Monday, June 16, 2014
Plight of livestock breeders
Alfred E Baldacchino
The media recently reported on cases of spraying slurry on agriculture land. Some questions remain unanswered. Earlier this month, I attended a conference on the infonitrates project funded by the EU Life+ to see for myself what is being and what is not being said on the matter.
The parliamentary secretary for agriculture, fisheries and animal rights welcomed participants, emphasising the importance of nitrate in agriculture,
the need to control such use and abuse and the need for the correct management, which can have an impact on water resources and
Information was given on the work done with regard to communication, education and awareness among farmers and livestock breeders. Very
important, much needed and beneficial efforts.
The Water Services Corporation representative, before leaving, dwelt on the importance of ground water, the fact that Malta has the lowest water supply accessibility, which makes the country face chronic water scarcity and suffering drought. The worst impact on groundwater are nitrates resulting from sewage, manure from animal husbandry, salinity and sea water seepage in sewers in coastal areas.
The obligations imposed by EU directives, control, legal measures and the establishment of a nitrate committee were also outlined. And this is how it should be, though it is not fair that conditions are only imposed on the ones who register.
An expert from the German Chamber of Agriculture and another from the Israeli Agriculture Research Organisation showed the professional way forward, something the local technocrats can digest within a couple of days but, unfortunately, this can take a generation to be politically accepted and implemented.
The best part of the conference was when the participants took the floor. If only the accountable political entities were all present. No politician from either side of the House was there. Admittedly, this was not the place for such comments but breeders saw this as an opportunity to make their point, expressing the desperate state they are in. Their frustrations were loud and clear: lack of adequate water for their fields and livestock while complaining that good water was taken for free and sold to swimming pools and hotels; pains regarding the lack of additional infrastructure to manage manure; worries about the bursting storage of solid and liquid manure because of lack of adequate disposal.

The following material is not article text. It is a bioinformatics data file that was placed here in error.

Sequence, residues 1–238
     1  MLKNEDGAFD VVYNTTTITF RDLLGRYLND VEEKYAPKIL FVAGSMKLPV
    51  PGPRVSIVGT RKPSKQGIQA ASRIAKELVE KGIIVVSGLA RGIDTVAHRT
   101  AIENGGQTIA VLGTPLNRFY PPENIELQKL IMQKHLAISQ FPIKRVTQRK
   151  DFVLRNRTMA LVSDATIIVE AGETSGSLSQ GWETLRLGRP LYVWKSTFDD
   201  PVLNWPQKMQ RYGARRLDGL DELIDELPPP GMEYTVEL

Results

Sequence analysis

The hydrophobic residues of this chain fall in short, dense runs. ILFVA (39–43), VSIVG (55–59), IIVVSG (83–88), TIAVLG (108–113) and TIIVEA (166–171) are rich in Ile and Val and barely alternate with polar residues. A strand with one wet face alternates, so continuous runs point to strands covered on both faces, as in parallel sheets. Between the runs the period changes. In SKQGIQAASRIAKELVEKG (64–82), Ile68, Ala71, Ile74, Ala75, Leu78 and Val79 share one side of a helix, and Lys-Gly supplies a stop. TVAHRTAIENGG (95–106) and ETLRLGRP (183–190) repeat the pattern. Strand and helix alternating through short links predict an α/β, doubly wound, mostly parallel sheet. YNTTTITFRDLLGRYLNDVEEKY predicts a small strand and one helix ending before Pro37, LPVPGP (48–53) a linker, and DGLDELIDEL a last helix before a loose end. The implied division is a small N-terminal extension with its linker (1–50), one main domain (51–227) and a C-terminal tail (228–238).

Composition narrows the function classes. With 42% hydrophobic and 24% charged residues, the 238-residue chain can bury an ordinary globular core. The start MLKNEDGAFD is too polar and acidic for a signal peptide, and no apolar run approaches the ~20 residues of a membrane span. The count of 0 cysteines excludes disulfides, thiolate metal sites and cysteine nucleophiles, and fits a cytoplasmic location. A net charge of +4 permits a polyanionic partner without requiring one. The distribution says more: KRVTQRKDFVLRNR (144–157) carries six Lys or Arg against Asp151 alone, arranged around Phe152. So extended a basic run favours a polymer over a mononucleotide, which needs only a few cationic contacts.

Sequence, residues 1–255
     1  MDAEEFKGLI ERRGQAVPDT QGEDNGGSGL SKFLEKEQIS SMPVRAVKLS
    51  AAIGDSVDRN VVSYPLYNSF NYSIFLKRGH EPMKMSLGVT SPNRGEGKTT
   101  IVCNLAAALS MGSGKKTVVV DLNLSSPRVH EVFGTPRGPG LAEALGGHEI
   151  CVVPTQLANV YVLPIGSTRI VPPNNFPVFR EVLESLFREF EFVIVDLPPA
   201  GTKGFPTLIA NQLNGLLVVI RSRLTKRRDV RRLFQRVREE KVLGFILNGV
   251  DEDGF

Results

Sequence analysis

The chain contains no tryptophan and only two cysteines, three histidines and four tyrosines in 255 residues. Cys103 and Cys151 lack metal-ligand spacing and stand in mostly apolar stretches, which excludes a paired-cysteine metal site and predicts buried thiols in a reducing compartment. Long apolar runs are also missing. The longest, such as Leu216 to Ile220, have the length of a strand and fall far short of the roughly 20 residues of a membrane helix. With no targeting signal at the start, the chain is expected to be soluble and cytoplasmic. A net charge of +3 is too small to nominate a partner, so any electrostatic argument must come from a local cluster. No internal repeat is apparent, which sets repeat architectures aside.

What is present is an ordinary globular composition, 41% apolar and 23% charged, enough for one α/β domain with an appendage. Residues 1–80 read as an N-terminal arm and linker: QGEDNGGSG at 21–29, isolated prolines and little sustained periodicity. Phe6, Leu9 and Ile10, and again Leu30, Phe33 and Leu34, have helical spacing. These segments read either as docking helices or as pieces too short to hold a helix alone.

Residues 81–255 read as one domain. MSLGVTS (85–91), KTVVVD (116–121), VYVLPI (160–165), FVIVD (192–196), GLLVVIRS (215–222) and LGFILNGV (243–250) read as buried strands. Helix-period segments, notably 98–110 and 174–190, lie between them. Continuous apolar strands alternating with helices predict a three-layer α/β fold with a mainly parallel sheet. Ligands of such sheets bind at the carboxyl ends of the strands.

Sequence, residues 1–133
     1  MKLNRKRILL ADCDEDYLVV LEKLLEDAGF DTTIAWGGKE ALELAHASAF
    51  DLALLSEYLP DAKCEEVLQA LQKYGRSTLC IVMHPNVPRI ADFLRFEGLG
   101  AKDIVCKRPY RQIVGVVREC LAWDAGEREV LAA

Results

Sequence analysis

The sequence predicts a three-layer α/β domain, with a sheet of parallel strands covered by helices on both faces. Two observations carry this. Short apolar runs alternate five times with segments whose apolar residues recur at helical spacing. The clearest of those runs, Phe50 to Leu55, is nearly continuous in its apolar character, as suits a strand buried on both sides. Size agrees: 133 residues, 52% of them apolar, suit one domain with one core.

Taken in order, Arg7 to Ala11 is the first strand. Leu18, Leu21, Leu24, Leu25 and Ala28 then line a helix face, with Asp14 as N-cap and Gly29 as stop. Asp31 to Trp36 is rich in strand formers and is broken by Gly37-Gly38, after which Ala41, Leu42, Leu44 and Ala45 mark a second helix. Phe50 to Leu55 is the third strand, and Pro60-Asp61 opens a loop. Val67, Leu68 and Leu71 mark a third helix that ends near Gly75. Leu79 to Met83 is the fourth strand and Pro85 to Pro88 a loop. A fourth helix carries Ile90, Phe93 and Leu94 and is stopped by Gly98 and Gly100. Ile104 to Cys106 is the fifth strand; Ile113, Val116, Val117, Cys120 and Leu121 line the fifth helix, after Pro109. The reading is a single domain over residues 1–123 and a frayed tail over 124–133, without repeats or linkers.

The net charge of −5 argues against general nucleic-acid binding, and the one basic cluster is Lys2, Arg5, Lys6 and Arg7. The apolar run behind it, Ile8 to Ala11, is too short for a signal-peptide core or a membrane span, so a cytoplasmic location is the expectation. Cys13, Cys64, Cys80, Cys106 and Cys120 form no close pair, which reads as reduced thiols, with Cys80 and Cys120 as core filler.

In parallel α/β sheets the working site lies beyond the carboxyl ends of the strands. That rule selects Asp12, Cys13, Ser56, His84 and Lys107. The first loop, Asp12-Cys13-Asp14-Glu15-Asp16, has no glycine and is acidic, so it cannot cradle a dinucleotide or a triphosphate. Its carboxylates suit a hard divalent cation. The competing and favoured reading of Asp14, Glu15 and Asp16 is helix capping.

One of the breeders said they are not allowed to use slurry on their fields even during the dry season.
A comment from the head table that there are plans to install bio-digesters had a quick reaction from the floor, asking whether breeders were expected to stop feeding their livestock so that they will not excrete until the bio-digesters are in place. In short, it was all about bulls, woes and moos.
Livestock manure is a resource that can generate enough energy to make the farm completely independent of fossil fuel. It can also contribute to the production of compost, thus decreasing overhead costs. Yet…
Other official stakeholders were conspicuous by their absence. Mepa, one of the regulators for the water framework and the nitrates directives was not present. No surprise, though. Neither was the ministry responsible for the conservation of water and now also for health.
The WSC was present only momentarily for the brief presentation on the precarious water situation and the negative impact of nitrates. Neither was there anybody from the health directorate to listen to problems raised.
Considering the lack of coordination and mismanagement of the subject since accession to the EU, it felt more like shooting the bull.
were all present ”
A breeder told me that they had been given a concession to empty liquid waste in the sewer despite problems caused to the treatment of sewage water and notwithstanding the fact that, in their area, the sewers were old, lacking any pipes but hewn in the bedrock. Problem solved, well, at least, no one can see it.
I pitied the agriculture official on the head table who not only was forsaken but was literally deserted. He could somehow manage technical questions but in no way could he give political answers or explain the duties of other government entities.
The lack of coordination hit one in the face. The absence of technocrats from other entities to help livestock breeders with their difficulties was an indication that these did not have any political backing or vision to do so.
Admittedly, this is not an easy task. The management of animal waste cannot be solved by one isolated government entity. Past mismanagement and lack of proper planning do not help either.
This community of legal livestock breeders does not seem to qualify as a minority deserving political backing despite the stiff competition from
overseas, the adverse economies of scale, its 24/7 commitment to the livestock, the adverse climatic conditions and the risks taken to make ends meet.
On the other hand, the fact that this community does not have any representative who can handle not only the technical aspects of their labour but also legal, social and ecological matters is not beneficial to breeders either.
Having heard cries of pain from those who aired their voice, I left the conference not convinced at all that there is a clear vision of how to take the bull by the horns.